BC: We seek to finance new investment verticals that are created as a result of the macro environment at any given time. A decade ago, that was fintech and online lending, which became very popular during the global financial crisis when banks were pulling back. Suddenly, we saw those businesses filling a void and we provided credit to the companies we believed to be the most attractive from a risk and return perspective.

Similarly, as people shifted their purchasing habits online, we saw significant growth around ecommerce aggregation sites within the past few years. Complemented by the huge expansion in buy-now, pay-later (BNPL), we found a rapid engine of growth in the industry and moved swiftly to finance compelling businesses in that space. We are nimble investors that focus on providing structured credit solutions to portfolio companies in the technology-enabled space.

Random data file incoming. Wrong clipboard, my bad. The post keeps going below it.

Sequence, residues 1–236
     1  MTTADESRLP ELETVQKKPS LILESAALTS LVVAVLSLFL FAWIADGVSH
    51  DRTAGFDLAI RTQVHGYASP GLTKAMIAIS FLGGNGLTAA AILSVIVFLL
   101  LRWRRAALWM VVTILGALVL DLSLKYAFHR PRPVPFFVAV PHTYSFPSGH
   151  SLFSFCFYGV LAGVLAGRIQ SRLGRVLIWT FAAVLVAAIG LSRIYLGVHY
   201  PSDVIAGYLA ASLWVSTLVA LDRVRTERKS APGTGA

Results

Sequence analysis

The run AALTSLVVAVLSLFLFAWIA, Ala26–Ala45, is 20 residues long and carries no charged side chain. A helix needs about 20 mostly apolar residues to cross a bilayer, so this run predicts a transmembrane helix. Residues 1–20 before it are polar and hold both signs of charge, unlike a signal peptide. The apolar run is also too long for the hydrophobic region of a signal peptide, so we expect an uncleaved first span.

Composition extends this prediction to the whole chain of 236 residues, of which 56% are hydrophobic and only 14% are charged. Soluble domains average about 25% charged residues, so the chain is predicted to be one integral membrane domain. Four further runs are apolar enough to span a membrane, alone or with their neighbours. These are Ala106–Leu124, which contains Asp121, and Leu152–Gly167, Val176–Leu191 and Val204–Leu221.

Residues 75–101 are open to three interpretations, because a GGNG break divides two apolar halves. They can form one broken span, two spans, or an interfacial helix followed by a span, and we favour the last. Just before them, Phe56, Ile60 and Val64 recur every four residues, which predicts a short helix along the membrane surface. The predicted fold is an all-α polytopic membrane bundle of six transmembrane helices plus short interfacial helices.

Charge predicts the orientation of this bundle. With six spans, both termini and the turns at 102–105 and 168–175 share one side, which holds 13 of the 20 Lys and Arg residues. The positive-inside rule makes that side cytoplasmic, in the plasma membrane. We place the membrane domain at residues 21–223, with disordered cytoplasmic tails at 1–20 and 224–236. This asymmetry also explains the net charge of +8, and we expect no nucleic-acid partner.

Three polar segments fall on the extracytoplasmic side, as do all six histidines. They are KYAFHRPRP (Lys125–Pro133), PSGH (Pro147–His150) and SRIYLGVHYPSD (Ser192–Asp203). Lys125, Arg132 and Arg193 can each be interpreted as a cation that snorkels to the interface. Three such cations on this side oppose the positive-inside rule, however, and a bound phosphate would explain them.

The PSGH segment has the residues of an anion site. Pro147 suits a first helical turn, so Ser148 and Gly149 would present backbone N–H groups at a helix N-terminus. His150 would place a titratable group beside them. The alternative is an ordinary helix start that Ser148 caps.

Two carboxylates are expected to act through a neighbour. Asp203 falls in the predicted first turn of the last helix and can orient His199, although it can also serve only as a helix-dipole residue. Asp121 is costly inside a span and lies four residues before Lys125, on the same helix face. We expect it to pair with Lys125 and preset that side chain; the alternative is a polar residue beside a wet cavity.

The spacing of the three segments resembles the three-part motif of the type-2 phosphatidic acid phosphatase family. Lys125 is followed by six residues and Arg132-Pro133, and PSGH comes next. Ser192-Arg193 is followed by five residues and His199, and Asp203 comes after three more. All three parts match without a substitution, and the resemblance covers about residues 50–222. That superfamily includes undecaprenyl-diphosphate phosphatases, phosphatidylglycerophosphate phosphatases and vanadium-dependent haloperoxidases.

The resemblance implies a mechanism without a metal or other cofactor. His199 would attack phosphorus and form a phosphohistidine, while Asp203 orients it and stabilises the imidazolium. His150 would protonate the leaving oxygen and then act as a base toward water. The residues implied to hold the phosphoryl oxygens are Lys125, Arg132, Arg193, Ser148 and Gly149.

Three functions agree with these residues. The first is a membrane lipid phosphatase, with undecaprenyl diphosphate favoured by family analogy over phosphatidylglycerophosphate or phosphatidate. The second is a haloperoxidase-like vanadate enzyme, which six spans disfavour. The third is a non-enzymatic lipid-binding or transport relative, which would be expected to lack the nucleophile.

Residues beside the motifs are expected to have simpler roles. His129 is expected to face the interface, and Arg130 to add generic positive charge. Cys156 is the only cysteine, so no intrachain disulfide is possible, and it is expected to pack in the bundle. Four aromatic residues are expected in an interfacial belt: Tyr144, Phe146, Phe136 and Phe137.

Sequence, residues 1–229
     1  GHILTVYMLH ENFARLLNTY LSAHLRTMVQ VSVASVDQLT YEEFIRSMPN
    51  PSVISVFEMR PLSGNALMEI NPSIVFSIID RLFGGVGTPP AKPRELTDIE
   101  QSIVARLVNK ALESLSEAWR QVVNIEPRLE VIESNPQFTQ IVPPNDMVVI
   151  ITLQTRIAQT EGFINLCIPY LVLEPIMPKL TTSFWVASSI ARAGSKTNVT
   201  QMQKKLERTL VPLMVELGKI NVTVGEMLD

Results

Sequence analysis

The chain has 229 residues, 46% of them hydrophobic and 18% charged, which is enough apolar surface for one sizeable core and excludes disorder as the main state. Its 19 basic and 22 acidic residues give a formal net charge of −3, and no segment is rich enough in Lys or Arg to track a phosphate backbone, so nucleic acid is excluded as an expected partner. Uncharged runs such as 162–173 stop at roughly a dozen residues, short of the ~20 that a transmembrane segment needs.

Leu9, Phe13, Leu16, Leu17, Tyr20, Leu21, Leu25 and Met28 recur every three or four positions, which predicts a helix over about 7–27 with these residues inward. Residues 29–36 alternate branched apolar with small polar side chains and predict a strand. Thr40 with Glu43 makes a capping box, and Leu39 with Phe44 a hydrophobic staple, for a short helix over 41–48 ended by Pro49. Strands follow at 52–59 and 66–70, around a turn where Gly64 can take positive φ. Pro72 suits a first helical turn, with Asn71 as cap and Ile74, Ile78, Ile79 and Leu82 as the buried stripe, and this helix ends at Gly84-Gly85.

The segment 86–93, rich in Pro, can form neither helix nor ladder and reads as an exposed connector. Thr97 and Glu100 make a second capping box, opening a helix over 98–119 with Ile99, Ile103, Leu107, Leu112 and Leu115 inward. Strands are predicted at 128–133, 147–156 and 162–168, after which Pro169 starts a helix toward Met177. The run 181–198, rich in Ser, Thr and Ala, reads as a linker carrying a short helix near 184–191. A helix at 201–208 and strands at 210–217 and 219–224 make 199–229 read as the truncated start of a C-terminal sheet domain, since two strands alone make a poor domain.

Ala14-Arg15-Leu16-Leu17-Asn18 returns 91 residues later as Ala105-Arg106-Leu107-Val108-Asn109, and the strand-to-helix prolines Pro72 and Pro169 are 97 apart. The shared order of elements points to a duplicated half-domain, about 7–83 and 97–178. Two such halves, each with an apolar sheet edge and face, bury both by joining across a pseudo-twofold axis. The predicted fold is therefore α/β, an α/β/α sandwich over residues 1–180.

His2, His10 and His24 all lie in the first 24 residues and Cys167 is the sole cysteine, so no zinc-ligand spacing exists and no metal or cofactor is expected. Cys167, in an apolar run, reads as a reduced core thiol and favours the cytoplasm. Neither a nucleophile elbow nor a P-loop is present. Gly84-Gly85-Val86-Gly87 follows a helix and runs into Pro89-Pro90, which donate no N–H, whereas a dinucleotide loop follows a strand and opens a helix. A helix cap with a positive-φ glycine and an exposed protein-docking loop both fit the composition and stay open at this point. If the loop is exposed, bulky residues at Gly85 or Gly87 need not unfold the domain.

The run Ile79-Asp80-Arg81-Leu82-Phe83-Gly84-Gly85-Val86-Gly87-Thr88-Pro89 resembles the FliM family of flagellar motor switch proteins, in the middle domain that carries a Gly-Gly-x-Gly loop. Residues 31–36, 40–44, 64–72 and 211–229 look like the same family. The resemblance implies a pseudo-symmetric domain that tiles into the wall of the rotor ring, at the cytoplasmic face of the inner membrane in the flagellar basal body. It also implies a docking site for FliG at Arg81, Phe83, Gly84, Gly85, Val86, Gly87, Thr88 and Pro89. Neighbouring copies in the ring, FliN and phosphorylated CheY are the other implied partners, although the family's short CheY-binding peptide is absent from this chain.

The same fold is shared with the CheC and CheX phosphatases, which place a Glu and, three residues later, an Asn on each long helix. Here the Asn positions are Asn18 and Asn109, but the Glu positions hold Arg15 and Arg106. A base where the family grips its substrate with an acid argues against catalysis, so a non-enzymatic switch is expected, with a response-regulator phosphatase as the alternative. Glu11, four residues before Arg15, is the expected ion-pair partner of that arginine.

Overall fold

We can back businesses early on in their life cycles, so we typically structure our loans as delayed drawdown facilities. That means we are not just funding a company once and being paid back but growing our facility alongside the company as it meets growth milestones. Today, we have portfolio companies that are navigating market volatility and expanding, and we are increasing our exposure accordingly in line with risk management.